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dc.contributor.authorFinnie, Ross
dc.date.accessioned2016-09-12T15:19:56Z
dc.date.available2016-09-12T15:19:56Z
dc.date.issued2002-12
dc.identifier.urihttp://hdl.handle.net/1974/14873
dc.description.abstractThe paper exploits the unique strengths of Statistics Canada's Longitudinal Administrative Database ("LAD"), constructed from individuals' tax records, to shed new light on the extent and nature of the emigration of Canadians to other countries and their patterns of return over the period 1982-1999. The empirical evidence begins with some simple graphs of the overall rates of leaving over time, and follows with the presentation of the estimation results of a model that essentially addresses the question: "who moves?" The paper then analyses the rates of return for those observed to leave the country - something for which there is virtually no existing evidence. Simple return rates are reported first, followed by the results of a hazard model of the probability of returning which takes into account individuals' characteristics and the number of years they have already been out of the country. Taken together, these results provide a new empirical basis for discussions of emigration in general, and the brain drain in particular. Of particular interest are the ebb and flow of emigration rates observed over the last two decades, including a perhaps surprising turndown in the most recent years after climbing through the earlier part of the 1990s; the data on the number who return after leaving, the associated patterns by income level, and the increases observed over the last decade.en_US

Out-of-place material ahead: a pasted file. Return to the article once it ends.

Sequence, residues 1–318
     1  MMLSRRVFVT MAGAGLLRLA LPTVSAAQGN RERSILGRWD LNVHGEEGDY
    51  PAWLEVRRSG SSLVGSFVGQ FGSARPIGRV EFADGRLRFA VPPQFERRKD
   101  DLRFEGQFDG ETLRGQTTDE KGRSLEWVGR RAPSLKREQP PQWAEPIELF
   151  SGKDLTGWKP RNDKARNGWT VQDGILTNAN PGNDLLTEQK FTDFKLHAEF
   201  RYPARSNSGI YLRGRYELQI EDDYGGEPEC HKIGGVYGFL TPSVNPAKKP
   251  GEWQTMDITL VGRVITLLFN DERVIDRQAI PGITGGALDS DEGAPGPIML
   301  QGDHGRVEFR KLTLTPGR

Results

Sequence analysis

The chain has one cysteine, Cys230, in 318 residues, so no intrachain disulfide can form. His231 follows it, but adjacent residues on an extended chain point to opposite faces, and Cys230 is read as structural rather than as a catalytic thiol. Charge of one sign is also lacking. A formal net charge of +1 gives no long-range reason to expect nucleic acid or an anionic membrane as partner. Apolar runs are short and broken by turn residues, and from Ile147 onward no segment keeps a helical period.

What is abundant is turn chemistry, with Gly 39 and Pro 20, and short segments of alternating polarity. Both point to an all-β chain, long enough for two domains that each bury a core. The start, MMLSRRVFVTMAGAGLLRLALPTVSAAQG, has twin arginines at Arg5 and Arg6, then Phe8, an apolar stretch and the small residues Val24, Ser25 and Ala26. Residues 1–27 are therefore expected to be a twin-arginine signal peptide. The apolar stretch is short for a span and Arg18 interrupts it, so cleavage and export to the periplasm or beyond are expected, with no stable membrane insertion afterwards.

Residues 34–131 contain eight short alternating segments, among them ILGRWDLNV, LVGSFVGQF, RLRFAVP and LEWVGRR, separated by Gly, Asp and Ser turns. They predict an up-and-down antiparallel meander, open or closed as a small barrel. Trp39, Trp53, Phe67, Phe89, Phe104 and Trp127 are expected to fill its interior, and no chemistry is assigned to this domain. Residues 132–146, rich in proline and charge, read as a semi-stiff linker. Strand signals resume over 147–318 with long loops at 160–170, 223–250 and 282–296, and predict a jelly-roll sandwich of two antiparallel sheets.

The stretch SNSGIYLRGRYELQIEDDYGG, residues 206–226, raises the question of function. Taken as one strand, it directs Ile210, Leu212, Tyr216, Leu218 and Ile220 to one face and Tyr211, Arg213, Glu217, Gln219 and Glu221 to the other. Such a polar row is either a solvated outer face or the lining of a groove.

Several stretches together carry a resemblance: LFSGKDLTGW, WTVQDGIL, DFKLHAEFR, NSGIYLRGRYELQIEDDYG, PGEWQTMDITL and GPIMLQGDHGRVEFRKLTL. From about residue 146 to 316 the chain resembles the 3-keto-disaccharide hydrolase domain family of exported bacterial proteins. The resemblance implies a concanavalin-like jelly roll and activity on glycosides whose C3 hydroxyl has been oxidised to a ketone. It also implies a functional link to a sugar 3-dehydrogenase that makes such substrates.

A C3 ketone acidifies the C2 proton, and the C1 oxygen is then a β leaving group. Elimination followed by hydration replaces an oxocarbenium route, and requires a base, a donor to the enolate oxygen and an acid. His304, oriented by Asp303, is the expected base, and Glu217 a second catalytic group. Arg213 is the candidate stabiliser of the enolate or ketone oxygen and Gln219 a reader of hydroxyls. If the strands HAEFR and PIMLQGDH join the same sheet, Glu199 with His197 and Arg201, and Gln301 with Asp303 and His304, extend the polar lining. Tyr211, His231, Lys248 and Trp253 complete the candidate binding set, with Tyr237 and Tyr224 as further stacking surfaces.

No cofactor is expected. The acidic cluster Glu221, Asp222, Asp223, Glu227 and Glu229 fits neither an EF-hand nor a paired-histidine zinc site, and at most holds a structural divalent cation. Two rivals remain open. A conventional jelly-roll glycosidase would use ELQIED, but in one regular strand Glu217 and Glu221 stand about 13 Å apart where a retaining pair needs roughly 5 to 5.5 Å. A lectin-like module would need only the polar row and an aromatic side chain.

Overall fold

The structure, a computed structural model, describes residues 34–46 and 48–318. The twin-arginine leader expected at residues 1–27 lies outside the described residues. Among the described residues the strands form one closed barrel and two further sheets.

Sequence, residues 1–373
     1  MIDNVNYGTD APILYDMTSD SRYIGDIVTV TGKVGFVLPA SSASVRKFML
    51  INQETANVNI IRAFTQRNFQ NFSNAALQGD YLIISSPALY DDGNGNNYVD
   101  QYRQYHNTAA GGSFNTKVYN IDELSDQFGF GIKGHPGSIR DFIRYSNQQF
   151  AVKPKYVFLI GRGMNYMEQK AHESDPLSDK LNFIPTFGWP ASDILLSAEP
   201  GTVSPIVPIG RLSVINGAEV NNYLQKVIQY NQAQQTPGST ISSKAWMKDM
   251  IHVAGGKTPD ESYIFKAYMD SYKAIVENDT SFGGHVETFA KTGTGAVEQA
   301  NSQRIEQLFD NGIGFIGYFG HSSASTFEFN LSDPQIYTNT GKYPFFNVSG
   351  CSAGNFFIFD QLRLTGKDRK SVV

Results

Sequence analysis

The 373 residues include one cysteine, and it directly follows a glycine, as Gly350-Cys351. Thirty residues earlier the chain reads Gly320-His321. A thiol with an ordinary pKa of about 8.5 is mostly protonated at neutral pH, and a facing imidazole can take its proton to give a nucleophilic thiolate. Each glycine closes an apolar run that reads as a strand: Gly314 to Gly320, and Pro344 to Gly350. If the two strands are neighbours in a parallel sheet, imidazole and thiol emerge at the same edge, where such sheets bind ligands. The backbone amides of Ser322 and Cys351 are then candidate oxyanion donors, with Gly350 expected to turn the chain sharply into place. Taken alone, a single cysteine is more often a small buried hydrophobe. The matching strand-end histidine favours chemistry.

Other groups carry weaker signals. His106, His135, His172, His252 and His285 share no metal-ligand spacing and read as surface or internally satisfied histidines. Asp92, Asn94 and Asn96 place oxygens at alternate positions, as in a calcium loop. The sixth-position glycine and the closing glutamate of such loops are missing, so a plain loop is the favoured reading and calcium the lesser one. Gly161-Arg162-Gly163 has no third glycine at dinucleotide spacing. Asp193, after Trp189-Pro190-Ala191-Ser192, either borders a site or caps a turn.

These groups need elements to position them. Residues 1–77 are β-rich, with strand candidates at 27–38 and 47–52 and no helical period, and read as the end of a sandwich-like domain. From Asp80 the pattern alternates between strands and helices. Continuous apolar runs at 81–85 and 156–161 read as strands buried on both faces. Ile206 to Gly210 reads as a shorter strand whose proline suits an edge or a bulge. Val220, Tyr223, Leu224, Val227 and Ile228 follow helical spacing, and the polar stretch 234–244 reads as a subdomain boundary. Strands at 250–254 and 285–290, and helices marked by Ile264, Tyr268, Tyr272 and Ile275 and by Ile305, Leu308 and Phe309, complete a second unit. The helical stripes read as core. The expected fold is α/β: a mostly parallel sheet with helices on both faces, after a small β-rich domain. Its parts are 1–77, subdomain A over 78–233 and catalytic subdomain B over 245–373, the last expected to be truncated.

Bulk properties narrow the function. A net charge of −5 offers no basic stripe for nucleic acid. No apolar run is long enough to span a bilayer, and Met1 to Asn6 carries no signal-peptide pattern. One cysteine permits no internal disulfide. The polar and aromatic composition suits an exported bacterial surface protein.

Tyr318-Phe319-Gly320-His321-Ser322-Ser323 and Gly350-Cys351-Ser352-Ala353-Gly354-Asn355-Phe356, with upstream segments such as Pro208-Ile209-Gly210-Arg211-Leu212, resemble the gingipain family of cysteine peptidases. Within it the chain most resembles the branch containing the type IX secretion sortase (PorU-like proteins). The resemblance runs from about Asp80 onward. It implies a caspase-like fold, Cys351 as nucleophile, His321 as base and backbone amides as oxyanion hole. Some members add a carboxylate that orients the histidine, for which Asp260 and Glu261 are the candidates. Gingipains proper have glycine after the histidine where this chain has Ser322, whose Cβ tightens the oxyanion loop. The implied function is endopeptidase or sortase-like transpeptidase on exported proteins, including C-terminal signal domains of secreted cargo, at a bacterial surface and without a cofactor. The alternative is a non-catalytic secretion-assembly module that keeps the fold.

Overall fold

dc.language.isoenen_US
dc.relation.ispartofseriesPolicy Studies Working Paper 32en_US
dc.subjectStatistics Canadaen_US
dc.subjectLongitudinal Dataen_US
dc.subjectEmigrationen_US
dc.subjectCanadiansen_US
dc.subjectEmpirical Evidenceen_US
dc.titleLeaving and Coming Back to Canada : Evidence from Longitudinal Data (Working Paper 32)en_US
dc.typeworking paperen_US


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